Following radiotherapy, certification is possible as Class 1 OML/unrestricted Class 2 on recovery (minimum 4 weeks following completion of treatment).  Unrestricted certification can be considered 1 year after the completion date of radiotherapy, subject to imaging showing complete resection of the tumour and there being no seizures or balance disturbance.

Medical reports - ENT




Implementing Rules

Acceptable Means of Compliance

Guidance Material

   
   (3) disturbance of vestibular function;
Class 1
(d) Vestibular disturbance
An applicant with disturbance of vestibular function should be assessed as unfit.  A fit assessment may be considered after full recovery.  The presence of spontaneous or positional nystagmus requires complete vestibular evaluation by an ENT specialist.  Significant abnormal caloric or rotational vestibular responses are disqualifying.  Abnormal vestibular responses should be assessed in their clinical context.


Benign Positional Vertigo/Labyrinthitis
In view of the recurrence risk of this condition and the sudden incapacitating nature of the symptoms, the earliest a pilot can be considered for recertification is after they have been symptom-free and off any treatment for at least 4 weeks.  Class 1 holders require an OML for a minimum period of 3 months from recertification.

The use of any medication to treat vestibular symptoms, eg Betahistine is not acceptable for medical certification.

Medical reports - ENT 

Meniere’s Disease
A diagnosis of Meniere’s Disease, untreated or treated is not acceptable for Class 1 or 2 medical initial or recertification.

Class 2
(d) Vestibular disturbance
An applicant with disturbance of vestibular function should be assessed as unfit pending full recovery.

   (4) significant restriction of the nasal passages;
Class 2
(h) Air passage restrictions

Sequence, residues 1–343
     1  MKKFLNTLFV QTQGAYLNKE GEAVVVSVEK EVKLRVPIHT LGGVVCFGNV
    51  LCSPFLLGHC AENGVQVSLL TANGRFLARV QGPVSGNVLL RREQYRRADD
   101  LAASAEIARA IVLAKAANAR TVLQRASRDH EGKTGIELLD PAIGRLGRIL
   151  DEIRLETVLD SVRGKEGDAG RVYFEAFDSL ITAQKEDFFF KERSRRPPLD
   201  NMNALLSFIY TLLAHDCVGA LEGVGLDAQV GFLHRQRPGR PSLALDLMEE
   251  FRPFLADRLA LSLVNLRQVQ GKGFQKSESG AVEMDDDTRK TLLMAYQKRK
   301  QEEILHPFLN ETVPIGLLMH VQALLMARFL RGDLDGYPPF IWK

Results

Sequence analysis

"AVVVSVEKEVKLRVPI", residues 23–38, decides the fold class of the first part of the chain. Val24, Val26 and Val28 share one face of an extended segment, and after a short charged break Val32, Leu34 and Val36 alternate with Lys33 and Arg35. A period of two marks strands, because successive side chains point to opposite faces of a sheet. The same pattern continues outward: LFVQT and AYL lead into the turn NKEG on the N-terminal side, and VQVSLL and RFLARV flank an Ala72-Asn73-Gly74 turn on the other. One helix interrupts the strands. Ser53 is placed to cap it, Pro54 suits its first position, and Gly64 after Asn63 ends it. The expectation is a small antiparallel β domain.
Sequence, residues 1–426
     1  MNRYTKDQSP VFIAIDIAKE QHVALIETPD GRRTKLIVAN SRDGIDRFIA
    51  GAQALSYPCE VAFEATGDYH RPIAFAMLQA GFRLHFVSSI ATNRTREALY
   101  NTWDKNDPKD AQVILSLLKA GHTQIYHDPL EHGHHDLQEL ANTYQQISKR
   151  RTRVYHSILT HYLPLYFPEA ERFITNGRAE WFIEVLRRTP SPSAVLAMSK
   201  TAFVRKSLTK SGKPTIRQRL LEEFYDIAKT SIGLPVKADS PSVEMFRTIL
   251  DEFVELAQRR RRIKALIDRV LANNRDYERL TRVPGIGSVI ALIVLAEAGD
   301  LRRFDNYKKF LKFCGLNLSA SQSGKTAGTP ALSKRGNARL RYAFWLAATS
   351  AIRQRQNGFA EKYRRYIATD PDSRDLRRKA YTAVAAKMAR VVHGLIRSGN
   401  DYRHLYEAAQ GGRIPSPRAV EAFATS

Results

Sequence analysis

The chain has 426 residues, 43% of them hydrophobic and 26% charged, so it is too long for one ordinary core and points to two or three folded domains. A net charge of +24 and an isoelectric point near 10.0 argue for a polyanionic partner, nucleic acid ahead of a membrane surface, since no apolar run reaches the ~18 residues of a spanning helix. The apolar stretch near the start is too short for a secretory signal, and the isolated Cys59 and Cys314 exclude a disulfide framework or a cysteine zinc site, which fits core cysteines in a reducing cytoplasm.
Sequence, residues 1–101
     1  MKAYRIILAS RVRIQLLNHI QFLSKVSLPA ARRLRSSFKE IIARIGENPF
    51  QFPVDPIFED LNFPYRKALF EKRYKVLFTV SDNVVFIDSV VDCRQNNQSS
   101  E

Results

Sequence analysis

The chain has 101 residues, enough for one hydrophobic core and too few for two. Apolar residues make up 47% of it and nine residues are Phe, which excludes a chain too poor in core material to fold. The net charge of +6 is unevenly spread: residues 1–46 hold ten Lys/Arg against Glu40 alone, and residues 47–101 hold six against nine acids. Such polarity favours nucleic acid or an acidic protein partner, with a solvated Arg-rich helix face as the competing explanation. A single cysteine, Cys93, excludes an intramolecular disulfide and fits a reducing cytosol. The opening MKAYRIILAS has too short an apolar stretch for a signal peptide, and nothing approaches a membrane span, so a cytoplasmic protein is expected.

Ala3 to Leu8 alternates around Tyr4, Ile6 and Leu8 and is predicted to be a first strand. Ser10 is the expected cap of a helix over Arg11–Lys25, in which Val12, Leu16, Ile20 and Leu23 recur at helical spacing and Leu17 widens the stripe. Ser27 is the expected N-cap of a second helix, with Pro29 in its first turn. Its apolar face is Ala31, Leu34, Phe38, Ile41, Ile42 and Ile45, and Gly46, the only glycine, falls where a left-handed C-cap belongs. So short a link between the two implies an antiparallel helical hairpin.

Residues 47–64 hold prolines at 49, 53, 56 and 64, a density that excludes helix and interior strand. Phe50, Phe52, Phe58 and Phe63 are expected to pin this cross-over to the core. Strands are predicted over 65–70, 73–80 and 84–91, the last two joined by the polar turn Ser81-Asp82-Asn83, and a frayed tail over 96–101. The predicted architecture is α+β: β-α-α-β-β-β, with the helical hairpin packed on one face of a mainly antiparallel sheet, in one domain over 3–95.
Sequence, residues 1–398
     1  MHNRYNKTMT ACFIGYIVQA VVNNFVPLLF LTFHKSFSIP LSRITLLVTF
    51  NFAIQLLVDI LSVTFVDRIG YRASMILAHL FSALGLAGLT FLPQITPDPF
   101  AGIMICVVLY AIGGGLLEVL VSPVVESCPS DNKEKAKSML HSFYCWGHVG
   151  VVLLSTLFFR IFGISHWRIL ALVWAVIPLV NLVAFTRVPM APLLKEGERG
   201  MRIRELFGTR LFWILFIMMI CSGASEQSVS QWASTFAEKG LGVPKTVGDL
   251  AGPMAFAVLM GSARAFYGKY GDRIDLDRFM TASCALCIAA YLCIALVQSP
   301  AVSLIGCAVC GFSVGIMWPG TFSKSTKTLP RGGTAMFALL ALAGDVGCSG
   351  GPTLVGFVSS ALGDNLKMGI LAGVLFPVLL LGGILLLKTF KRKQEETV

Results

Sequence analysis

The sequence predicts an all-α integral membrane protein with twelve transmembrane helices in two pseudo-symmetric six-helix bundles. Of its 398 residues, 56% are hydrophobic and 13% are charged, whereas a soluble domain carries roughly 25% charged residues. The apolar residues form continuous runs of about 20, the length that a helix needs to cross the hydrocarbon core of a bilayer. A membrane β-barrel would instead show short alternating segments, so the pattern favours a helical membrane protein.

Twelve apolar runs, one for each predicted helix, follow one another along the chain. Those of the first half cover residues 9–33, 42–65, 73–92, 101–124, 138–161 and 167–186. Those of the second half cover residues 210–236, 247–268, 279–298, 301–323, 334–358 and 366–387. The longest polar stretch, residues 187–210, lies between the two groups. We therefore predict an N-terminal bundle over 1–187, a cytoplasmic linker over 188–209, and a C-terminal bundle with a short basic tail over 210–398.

An applicant with significant restriction of the nasal air passage on either side or significant malformation of the oral cavity or upper respiratory tract may be assessed as fit if ENT evaluation is satisfactory.

(j) Eustachian tube function
An applicant with significant dysfunction of the Eustachian tubes may be assessed as fit in consultation with the licensing authority.



Implementing Rules

Acceptable Means of Compliance

Guidance Material

   
   (5) sinus dysfunction; 

Class 1 & 2
(e) Sinus dysfunction
An applicant with any dysfunction of the sinuses should be assessed as unfit until there has been full recovery.
   (6) significant malformation or significant, acute or chronic infection of the oral cavity or upper respiratory tract;(f) Oral/upper respiratory tract infections
A significant, acute or chronic infection of the oral cavity or upper respiratory tract is disqualifying.  A fit assessment may be considered after full recovery.

   (7) significant disorder of speech or voice shall undergo further medical examination and assessment to establish that the condition does not interfere with the safe exercise of the privileges of the licence held.
Class 1 & 2
(g) Speech disorder
A significant disorder of speech or voice is disqualifying.

(e) Aero-medical assessment
   (1) applicants for a class 1 medical certificate with the disturbance of vestibular function shall be referred to the licensing authority;

   (2) fitness of class 2 applicants with the disturbance of vestibular function shall be assessed in consultation with the licensing authority.